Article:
App to help those with metastatic breast cancer

Some find it difficult to access support
  • Deborah Condon

Women living with metastatic breast cancer often experience social isolation and feelings of low self-worth, however a new app is hoping to tackle this.

Metastatic breast cancer is an advanced form of breast cancer where the cancer has spread from the breast to other organs of the body. Despite advances in the treatment of breast cancer, approximately 30% of women initially diagnosed with earlier stages of breast cancer eventually develop recurrent advanced or metastatic disease.

Early detection does not help survival for metastatic breast cancer patients. The average survival is just two to three years, although many women can live for much longer.

Research has found that women with this form of cancer often find it difficult to access the emotional support they need at this vulnerable time. However, a new app - EmotionSpace - has been developed to track how affected women are feeling. It also allows them to request and receive emotional support from family, friends and others with the disease.

Europa Donna Ireland (The Irish Breast Cancer Campaign), the Irish Cancer Society and the Marie Keating Foundation have partnered with the app to increase awareness of the support that is available to women.

It is hoped that the combination of the immediacy of online emotional support, along with face-to-face initiatives organised by patient groups, will result in affected women always being connected to a support network.

"The Marie Keating Foundation knows that being diagnosed with metastatic cancer can be an emotional time that can lead a person to have many fears and questions, as well as moments of anger and confusion.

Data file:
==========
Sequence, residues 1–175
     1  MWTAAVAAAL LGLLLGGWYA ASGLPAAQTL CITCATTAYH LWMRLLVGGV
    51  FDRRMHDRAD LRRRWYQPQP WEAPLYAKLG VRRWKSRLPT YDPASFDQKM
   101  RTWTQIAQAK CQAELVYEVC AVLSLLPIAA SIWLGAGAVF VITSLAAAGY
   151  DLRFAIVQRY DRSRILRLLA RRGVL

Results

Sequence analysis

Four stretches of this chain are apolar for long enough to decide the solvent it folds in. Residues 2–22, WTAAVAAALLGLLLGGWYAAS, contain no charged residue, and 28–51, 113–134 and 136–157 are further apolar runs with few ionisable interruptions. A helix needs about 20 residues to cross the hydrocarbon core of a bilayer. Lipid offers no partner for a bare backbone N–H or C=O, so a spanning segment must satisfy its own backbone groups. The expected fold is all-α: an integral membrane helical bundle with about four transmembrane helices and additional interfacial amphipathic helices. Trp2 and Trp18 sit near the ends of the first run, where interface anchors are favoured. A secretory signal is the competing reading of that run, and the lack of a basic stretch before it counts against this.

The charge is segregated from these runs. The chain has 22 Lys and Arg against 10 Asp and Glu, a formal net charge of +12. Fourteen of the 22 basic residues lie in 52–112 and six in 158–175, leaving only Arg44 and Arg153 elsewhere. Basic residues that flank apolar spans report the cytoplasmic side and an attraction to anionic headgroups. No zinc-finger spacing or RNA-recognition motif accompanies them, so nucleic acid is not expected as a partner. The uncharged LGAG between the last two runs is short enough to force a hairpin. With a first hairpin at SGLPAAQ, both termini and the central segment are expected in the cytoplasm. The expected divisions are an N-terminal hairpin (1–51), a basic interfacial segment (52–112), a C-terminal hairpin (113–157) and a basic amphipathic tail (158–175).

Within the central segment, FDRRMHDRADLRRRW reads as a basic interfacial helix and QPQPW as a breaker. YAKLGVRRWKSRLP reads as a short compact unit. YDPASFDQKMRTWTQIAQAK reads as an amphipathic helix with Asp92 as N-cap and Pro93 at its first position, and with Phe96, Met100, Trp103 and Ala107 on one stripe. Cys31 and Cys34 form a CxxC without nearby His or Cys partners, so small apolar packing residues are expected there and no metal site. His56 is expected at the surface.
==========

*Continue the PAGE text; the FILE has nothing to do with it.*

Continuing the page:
"At a time where a person needs the most support, some people with metastatic cancer can find that emotional support very hard to find. We welcome the availability of the EmotionSpace app, which will provide people with metastatic breast cancer with 24-hour access to their emotional support network," commented Liz Yeates, CEO of the Marie Keating Foundation.

According to Tara Byrne of Europa Donna Ireland, emotional support for women living with metastatic breast cancer is ‘critical to their wellbeing as they navigate a disease with limited treatment options and poor health outcomes'.

"Europa Donna Ireland provides support through a secret online Facebook group called ‘Connect' and it has highlighted the desire from women to engage with other people living with the disease and to support each other through the challenges that metastatic breast cancer throws at them.

"The EmotionSpace app reflects this desire to share the ups and downs with a support network and gives practical suggestions to navigate the wide range of emotions associated with the disease," she noted.

Meanwhile, the Irish Cancer Society said that it is proud to have been part of the development of the EmotionSpace app and that it has been ‘designed in consultation with patients to provide a secure space to express feelings and seek support in real time'.

The app can be downloaded here

*Pictured at the launch of the EmotionSpace app are Tara Byrne of Europa Donna Ireland and Liz Yeates of the Marie Keating Foundation

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